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Halloween Vignette

Halloween Decorations; cast iron vases

Halloween is just around the corner and I hope this display gives you some Halloween decoration ideas.   It is one of my FAVORITE holidays.  I pretty much love every bit of it, from gaudy plastic spiders to sophisticated decorations.  Costumes! Candy!  I could go on and on.  This particular vignette was going for an old-timey, sophisticated macabre.

Halloween Decorations; cast iron vases
Before you make hot-glue spider webs read further down this post.

The cast iron vases were created from two cheap glass vases.  You can see the tutorial for faux cast iron here.

Detail of Halloween hot-glue spider web

I added an old picture, and lord my Mama would smack me, but I can’t remember which relative this is.   Surrounding it are spider webs made from hot glue.  I thought I was a genius making all those strings…  And I was EXCEPT, marble is porous.  And the tabletop is marble…  *scrape* *scrape* *scrape* Make sure to attach the hot glue to items you know will release the glue easily.

Idea for Sophisticated Halloween Decorations
Check out how well the faux cast iron finish on the vases matches the real cast iron table!

Topping it all off is my lovely bouquet of dead daisies.  The whole display makes me feel like someone left these fresh flowers by a lovely picture and then abandoned them for 100 years.  I love that dark Halloween feeling!  Must be a closet goth at heart.

Tutorials Used

Faux Cast Iron Finish 

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See other great crafts, DIY, and decor at these link parties: 52 mantels, Katherine’s Corner,, Lambert’s Lately, Two Yellow BirdsCraftberry Bush, Pin Junkie , Craft-o-Maniac, Twigg Studios, Dream A Little Bigger , I Should Be Mopping The Floor, By Stephanie Lynn

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Liquid Leaf

The sugar cube seashell holder and sand dollar were made out of paperclay and covered in liquid leaf. I like the poured look.

This isn’t so much a tutorial as more an answer to a few inquiries I had about the gold elements from the Pink Lemonade Table Decor.  There are a variety of metallic paints, waxes, glazes, leafs, foils, etc. for when you want to add shine to a project.  Each one has a place depending on the project and the look you are going for.  In this case I wanted a poured metallic look to cover the inside of real and scultped seashells and the outside of paperclay sand dollars.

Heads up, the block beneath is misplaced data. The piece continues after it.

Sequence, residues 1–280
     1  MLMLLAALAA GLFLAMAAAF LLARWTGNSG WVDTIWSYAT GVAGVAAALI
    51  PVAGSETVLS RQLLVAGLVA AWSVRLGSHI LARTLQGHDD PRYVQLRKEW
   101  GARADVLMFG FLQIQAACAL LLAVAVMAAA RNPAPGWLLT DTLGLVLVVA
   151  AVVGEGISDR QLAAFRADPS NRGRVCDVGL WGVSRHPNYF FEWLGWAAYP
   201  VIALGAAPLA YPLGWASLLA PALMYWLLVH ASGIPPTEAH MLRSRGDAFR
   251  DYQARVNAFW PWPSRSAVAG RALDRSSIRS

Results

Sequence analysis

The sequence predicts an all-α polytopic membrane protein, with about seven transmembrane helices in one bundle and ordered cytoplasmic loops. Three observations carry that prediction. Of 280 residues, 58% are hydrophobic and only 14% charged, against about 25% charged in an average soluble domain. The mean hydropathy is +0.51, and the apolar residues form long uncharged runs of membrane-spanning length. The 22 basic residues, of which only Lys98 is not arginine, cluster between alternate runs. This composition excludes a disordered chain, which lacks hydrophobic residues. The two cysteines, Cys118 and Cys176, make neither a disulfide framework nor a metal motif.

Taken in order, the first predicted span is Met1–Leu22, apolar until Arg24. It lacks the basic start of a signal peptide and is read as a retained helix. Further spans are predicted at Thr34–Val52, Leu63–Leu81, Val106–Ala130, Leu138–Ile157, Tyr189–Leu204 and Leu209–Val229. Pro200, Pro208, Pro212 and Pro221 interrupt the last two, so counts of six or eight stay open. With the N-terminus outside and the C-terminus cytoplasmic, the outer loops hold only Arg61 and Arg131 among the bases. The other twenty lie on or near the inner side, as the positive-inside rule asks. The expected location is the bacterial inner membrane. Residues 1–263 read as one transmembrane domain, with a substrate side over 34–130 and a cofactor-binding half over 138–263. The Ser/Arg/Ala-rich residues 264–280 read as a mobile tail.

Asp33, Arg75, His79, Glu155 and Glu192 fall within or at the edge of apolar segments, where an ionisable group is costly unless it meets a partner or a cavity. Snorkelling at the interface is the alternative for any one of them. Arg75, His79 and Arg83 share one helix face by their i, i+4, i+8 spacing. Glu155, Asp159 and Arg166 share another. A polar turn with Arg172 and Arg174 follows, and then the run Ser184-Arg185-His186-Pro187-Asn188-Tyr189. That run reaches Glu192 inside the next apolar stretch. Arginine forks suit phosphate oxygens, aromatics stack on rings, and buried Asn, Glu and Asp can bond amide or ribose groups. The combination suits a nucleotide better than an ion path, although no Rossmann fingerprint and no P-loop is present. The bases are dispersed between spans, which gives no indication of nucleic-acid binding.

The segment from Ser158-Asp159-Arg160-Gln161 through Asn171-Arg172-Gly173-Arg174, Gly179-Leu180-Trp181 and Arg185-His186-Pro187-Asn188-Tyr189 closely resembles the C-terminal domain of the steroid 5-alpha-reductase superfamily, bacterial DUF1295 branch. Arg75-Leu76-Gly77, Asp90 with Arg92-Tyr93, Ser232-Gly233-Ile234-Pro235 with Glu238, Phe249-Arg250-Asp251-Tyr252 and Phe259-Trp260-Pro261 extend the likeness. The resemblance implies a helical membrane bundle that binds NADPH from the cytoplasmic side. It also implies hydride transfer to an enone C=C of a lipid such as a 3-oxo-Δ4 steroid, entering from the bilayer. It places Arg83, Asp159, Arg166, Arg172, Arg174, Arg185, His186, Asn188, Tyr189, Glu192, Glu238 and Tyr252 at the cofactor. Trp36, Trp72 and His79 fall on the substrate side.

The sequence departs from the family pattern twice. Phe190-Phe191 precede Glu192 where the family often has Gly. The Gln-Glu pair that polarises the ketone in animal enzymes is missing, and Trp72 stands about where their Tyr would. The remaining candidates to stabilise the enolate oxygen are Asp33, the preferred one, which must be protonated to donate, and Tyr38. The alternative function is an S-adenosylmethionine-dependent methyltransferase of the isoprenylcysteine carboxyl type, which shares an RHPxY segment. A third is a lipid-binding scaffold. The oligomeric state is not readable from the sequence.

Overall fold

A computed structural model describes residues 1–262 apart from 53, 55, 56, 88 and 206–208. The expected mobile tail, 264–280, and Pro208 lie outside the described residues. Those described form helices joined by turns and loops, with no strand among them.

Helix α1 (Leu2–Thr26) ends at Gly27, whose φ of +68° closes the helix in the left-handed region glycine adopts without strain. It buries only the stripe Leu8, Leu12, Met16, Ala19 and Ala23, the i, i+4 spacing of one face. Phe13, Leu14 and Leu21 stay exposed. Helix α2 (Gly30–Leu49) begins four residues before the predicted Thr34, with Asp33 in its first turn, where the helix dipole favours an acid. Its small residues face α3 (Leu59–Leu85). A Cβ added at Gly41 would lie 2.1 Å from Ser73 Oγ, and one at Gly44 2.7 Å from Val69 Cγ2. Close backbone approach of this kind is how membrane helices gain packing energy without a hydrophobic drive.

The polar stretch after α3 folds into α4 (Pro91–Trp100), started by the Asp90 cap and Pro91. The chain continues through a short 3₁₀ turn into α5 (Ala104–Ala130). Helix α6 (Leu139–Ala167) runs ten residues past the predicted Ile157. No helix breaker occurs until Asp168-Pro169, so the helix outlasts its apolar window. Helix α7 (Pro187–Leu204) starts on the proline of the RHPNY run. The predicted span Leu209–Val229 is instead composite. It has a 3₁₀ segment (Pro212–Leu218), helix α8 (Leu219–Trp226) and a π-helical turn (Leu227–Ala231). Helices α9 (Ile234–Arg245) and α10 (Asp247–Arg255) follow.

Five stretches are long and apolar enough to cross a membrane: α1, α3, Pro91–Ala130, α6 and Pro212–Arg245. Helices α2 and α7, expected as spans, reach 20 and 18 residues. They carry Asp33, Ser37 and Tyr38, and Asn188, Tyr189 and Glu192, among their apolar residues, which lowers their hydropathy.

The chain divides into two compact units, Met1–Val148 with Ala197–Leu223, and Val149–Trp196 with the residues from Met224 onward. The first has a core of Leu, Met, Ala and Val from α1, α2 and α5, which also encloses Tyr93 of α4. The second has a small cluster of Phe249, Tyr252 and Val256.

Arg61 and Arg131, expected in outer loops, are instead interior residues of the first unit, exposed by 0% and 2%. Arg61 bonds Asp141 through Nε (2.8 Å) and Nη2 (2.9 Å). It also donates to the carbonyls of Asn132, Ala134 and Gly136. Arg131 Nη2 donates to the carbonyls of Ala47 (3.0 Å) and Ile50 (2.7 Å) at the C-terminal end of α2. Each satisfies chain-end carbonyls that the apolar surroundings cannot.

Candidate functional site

I used Liquid Leaf* to finish these items. The below picture is from Plaid’s website. They have not paid me to say these nice things. In fact I doubt they know this website exists…

Liquid Leaf

You can achieve a leaf-like finish by thickly brushing on a coat and letting it dry.  I use some throw away flux brushes so I don’t have to worry about clean up.

The sugar cube seashell holder and sand dollar were made out of paperclay and covered in liquid leaf. I like the poured look.
The paperclay items did need a wash of thin white acrylic paint so that the leaf wasn’t immediately sucked into the surface. Trust me, I forgot to prime one of them and it used a ton of leaf and left lots of paint strokes.

You can get a metallic accent by brushing a thin coat on as I did with this Goodwill tray.  I did white-wash it with a layer of acrylic paint first and then used the liquid leaf along the bottom edge.

tray accented with liquid leaf

Finally liquid leaf works well on a lot of materials.  I finished the inside of real seashells as well as my faux created ones.

Vignette with various items accented in liquid gold leafTo be honest I initially planned on using rub-n-buff but I couldn’t find the tube in the basement.  However, I like the look of poured and cast metal that the liquid leaf created.  I’ll definitely use it again when I need this particular effect.


Make sure to put a thick coat on if you want a poured look.

DO NOT touch until fully dry.  Just don’t.  Let it dry.

You may need to cover the with a clear acrylic top coat.  Tarnish can occur and heavy use items will rub.

It stinks.  Ventilation is key.  Otherwise it is easy peasy to apply.

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